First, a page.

Justice Kennedy’s Too-Late Lament for Tolerance

By | 2017-06-02T18:30:05+00:00 December 22, 2017|
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I have been silent about Masterpiece Cakeshop v. Colorado Civil Rights Commission, not because I lack interest in the case, but because it has already generated extensive commentary here and throughout the commentariat. Court watchers, like fortune tellers reading tea leaves, speculate how the justices will line up, with Justice Anthony Kennedy likely casting the swing vote in favor or against the Colorado baker, Jack Phillips, who declined for religious reasons to create a gay wedding cake.

Which side will win? Flip a coin. It is notoriously difficult to predict with which four-justice bloc the mercurial Kennedy will align himself in any particular case, although it is almost certain that he will be in the majority.

Two things prompt me to weigh in: Justice Kennedy’s odd comments at oral argument, and a recent visit my wife and I took to southern Utah (about which later).

The December 5 oral argument got my attention when Kennedy sharply questioned Colorado Solicitor General Frederick Yarger about a statement made by a member of the state agency that ruled in favor of the same-sex couple who filed the discrimination complaint against Phillips. Kennedy demanded to know whether Yarger “disavowed or disapproved of” the statement by commissioner Heidi Hess (an LGBT advocate) that “freedom of religion used to justify discrimination is a despicable piece of rhetoric.”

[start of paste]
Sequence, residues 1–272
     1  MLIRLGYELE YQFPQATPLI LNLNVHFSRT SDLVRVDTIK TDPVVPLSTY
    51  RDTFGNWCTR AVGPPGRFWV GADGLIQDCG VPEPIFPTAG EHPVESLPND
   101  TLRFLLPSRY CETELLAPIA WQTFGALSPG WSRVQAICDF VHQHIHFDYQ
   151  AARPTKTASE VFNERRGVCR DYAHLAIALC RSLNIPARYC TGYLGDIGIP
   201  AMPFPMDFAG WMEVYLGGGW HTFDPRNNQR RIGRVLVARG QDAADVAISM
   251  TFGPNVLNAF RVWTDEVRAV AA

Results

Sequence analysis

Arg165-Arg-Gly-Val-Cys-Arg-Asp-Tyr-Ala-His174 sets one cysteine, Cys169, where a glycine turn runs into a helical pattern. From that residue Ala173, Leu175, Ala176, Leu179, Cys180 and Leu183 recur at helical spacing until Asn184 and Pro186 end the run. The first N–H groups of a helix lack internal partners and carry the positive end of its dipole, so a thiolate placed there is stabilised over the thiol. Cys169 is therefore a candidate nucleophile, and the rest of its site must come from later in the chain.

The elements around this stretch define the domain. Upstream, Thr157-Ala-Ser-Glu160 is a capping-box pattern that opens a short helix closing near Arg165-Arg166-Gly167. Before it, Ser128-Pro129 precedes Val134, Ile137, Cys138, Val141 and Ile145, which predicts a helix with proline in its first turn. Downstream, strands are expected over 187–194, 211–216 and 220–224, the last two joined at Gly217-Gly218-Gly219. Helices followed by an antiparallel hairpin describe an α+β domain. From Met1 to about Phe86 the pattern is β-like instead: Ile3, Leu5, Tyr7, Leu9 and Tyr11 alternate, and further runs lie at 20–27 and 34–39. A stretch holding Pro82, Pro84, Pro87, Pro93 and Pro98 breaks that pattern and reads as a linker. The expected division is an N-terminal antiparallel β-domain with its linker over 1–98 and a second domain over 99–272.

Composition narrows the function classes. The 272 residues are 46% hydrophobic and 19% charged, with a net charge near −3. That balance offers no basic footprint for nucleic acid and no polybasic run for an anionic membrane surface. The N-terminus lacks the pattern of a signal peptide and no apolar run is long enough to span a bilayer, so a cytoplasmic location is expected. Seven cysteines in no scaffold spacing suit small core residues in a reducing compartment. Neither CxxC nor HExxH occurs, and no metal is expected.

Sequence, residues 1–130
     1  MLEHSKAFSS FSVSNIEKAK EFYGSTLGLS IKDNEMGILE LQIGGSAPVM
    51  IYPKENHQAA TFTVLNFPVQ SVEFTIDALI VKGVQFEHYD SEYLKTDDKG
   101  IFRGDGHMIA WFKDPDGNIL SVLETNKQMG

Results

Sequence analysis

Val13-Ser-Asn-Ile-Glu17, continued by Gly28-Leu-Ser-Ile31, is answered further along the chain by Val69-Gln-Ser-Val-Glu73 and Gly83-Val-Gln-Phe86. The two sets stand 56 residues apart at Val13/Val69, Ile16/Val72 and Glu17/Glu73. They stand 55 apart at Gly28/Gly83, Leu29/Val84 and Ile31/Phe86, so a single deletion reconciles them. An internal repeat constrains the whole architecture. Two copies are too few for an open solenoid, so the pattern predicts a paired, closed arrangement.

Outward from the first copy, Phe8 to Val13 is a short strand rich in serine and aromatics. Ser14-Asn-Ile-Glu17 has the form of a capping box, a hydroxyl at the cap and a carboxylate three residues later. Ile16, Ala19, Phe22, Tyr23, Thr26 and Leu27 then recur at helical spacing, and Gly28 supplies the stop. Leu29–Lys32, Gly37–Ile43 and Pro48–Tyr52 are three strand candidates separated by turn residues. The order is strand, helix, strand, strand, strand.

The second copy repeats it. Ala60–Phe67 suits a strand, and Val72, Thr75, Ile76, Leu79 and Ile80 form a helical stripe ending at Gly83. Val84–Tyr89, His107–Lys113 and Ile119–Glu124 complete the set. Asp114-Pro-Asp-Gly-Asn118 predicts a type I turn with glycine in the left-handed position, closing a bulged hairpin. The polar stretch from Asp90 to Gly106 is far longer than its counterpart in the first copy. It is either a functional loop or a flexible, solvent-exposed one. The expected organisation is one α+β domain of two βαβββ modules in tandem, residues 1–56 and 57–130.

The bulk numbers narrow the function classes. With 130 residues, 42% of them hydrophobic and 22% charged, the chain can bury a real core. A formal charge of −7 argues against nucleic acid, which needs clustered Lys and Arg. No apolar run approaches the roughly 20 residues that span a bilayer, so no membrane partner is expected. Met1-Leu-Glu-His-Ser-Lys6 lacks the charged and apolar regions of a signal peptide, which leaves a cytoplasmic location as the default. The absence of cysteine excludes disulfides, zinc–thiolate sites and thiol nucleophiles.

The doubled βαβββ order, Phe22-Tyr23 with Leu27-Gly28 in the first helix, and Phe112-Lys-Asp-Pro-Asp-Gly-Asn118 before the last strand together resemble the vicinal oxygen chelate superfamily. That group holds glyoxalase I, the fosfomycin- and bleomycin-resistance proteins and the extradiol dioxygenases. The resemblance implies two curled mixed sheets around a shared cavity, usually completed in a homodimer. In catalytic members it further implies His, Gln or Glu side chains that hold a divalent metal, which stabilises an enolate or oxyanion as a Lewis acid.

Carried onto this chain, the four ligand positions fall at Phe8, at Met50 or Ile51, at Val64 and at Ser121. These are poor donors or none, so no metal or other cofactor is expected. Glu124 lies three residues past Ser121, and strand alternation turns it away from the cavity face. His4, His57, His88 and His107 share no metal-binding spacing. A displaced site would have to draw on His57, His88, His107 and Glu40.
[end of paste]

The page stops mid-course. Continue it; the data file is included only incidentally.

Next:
Kennedy followed up with the widely reported comment that “tolerance is essential in a free society. And tolerance is most meaningful when it’s mutual.” Apparently referring to commissioner Hess’ “despicable” statement, Kennedy continued: “It seems to me that the state in its position here has been neither tolerant nor respectful of Mr. Phillips’ religious beliefs.” It’s an odd comment because Kennedy has done more than any other justice to marginalize Americans’ moral and religious objections to homosexuality. Kennedy’s stated concern about intolerance towards Christians who oppose same-sex marriage rings hollow.

Does Kennedy Remember His Own Opinions?
In Romer v. Evans (1996), Kennedy authored a 6-3 opinion striking down an amendment to Colorado’s state constitution (enacted by the voters as an initiative dubbed “Amendment 2”), which would have prevented local governments from recognizing LGBT orientation as a “protected class.” Any such protections would have to be granted by state law. Led by Kennedy, the majority in Romer held that the voters’ denial of local control over sexual orientation discrimination lacked a rational basis.